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February 2014
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April 2014

Facebook Recommendations are coming, and they will be ama$ing

Last year we saw Outbrain explode in popularity across publishers large and small. But their rise to fame is nothing compared to Facebook's next big move - better, smarter, pervasive but not invasive personalized and contextualized recommendations. Facebook has nearly a decade of experience optimizing and personalizing our feeds. They know what we read, watch and listen to, what we are interested in, who our friends are, what and so much more. Facebook has the experience and scale to turn this data into a goldmine.

Facebook content recommendationsAnd I'm pretty sure they are already testing this product.

Check out the screenshot beside this post. When I right clicked on Professor Jeff Jarvis's post, Facebook dynamically loaded the box below his with video recommendations. It would be quite simple for Facebook to add a sponsored video to that feed. It also wouldn't be a big leap for Facebook to make this unit available for publishers for inclusion below their content. With a ratio of 15% sponsored recommendations to 85% organic recommendations, publishers would see this unit as a win-win and users would be very likely to engage. Publishers would see page views (and ad revenues) rise and Facebook would recognize the sponsored content revenue. Over time, larger publishers would likely have the option to remove sponsored content for a negotiated fee, further increasing the revenue to Facebook while increasing the data they collect.

And here's why this is a goldmine.

These recommendations will work as well on desktop as they do on mobile. And they will work as well with videos as they do with music, books, magazines, apps, products, restaurants and so much more. This is the next generation of performance media, driven by engagement rather than interruption while monetizing the forgotten white space - below the fold. Facebook Recommendations will be like AdSense for the connected age, amplified by the exponential reach of connected devices and engagements. 

Welcome to Facebook Recommendations.

Facebook needs a Matt Cutts

Cutts Facebook
Facebook needs a Matt Cutts. 

Matt Cutts is the high priest of SEO for Google. Matt guides the public on all things SEO, an industry just a shade more misunderstood and misrepresented than social media. Matt participates in the industry dialog, posts to YouTube, does panels, podcasts and conferences. He provides more than just the rules of the road, he embodies and communicates the principles by which Google Search operates. It is extremely rare to find an SEO professional complaining about being burned by Matt's advice, because his core principles rarely change. And when there are major changes, he shares a clear and cogent reason why these changes were needed and what you can do to help your business. The public trusts Matt because Matt has a proven track record, and because Google has a track record of standing behind him.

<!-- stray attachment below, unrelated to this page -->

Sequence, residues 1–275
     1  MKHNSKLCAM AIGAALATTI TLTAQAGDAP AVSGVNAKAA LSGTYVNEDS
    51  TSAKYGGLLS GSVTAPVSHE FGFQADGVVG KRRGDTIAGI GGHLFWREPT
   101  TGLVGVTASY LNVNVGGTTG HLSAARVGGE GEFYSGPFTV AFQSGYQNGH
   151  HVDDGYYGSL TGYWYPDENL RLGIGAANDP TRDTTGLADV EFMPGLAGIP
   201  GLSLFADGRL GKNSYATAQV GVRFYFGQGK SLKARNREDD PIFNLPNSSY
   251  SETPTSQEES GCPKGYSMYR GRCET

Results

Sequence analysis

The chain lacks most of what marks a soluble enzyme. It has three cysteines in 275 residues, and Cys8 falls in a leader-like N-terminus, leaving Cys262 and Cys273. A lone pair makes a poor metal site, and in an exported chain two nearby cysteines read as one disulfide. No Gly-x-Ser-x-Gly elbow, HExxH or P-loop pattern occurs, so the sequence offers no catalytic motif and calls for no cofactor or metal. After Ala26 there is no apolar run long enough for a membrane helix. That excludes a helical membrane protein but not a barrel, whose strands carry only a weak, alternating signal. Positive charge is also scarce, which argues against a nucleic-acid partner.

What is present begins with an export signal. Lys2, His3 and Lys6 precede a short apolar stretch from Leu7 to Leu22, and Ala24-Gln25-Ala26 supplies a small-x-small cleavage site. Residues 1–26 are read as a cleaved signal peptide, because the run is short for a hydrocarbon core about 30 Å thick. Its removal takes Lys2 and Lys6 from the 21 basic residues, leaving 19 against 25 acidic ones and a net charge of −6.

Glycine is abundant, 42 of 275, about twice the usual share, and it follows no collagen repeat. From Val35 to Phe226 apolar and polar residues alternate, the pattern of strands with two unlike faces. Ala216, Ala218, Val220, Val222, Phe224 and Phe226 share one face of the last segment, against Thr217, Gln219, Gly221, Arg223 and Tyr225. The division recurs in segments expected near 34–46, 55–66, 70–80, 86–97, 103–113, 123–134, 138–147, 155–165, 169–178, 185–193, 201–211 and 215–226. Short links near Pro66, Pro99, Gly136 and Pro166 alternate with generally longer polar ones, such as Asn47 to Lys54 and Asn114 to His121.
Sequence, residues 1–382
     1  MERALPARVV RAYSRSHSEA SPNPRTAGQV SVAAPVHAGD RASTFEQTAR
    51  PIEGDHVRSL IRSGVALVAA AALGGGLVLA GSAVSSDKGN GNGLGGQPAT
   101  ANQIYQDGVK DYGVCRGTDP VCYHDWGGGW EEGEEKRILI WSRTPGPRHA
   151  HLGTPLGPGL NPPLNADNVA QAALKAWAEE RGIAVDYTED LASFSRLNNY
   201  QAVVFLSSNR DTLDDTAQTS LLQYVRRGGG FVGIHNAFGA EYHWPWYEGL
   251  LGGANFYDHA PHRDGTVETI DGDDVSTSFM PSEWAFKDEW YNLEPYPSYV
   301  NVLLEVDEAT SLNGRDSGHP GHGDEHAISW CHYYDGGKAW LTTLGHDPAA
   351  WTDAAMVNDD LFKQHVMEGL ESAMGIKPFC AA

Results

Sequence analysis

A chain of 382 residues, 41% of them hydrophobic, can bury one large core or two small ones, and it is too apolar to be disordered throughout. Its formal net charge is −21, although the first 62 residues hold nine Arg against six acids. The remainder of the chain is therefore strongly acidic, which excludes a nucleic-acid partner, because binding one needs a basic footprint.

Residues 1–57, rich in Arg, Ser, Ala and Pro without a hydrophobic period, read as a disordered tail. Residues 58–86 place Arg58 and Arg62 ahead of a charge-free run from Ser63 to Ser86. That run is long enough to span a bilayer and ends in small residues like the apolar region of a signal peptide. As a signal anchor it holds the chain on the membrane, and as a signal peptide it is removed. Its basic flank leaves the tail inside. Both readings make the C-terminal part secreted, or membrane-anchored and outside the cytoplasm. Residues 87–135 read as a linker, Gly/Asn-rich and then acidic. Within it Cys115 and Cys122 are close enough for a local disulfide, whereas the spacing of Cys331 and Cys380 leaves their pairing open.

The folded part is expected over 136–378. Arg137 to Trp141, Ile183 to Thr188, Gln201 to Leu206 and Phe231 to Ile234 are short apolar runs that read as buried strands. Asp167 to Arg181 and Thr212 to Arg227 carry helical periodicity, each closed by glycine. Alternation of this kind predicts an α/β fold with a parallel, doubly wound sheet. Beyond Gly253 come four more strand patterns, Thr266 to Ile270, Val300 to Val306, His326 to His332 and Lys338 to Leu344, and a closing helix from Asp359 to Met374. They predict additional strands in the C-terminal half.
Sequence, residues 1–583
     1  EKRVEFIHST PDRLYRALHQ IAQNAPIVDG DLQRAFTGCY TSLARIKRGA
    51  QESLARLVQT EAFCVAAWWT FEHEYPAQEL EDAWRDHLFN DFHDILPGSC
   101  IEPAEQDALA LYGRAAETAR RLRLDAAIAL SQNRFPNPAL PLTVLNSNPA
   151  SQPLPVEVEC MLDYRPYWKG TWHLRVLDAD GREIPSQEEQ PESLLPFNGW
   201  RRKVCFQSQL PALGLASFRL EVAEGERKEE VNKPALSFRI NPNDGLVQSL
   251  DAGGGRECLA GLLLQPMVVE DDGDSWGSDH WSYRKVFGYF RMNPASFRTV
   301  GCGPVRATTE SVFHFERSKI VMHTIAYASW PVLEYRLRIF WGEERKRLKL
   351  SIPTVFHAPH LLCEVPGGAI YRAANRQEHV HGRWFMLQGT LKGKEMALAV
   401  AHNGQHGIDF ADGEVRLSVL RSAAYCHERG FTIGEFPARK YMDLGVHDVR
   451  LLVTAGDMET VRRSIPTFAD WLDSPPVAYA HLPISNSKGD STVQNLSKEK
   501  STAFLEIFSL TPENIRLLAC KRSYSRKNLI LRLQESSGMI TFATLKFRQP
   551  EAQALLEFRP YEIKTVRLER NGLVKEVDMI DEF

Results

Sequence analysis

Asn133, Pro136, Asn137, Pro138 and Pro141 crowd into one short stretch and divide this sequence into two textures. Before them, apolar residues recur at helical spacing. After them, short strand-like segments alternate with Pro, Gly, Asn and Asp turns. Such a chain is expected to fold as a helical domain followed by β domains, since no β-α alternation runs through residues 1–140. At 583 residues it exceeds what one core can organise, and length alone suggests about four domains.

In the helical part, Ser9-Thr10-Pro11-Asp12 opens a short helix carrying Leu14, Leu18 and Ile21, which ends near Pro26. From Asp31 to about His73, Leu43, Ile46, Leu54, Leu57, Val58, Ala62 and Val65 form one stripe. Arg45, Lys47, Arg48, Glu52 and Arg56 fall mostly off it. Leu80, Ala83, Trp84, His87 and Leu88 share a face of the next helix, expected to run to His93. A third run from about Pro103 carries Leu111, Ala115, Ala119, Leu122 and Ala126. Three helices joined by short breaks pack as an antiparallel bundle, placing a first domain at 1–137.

Facebook needs a Matt Cutts. 

Businesses large and small have collectively invested billions of dollars in advertising, content and human capital building their communities on Facebook. Facebook actively courted these businesses and for better or worse, Facebook has changed the rules of the game. Unfortunately, I have not seen very much explanation around these changes from Facebook, leading to an incredible amount of anxiety and anger.

Facebook needs a real person to serve as the authority on building communities and businesses on Facebook. Beyond sharing do's and don'ts, this person must provide core guidelines that will not change. And if they do change, he must present acceptable reasons and actionable advice. This person must embrace dialog with the industry and demonstrate real understanding of it's complexities. And Facebook needs to stand behind this person for the long haul.

Facebook is no longer a bright and shiny innovation, and they deserve to be more than a talking point or a box to check. Facebook needs to be more than too big to ignore. To accomplish this, Facebook needs to take a page from their own playbook and become a a partner at the table of every customer, not just the big ones.

Without a Matt Cutts, I fear Facebook may grow a systemic cancer, a blindness to the market. This wouldn't just be a loss for Facebook, but a loss for society. Facebook has the potential to radically change the discipline and craft of marketing, to give a stronger voice to the user and revolutionize communications at an unprecedented scale. This opportunity is to big to ignore.

The time has come for Facebook to behave like the leader they have become. Facebook needs to give this industry a Moses, a figure to explain what has happened, what will happen and how to build for the future. Facebook is better, and smarter than the basics mistakes they have made. And in partnering with businesses, they have everything to gain.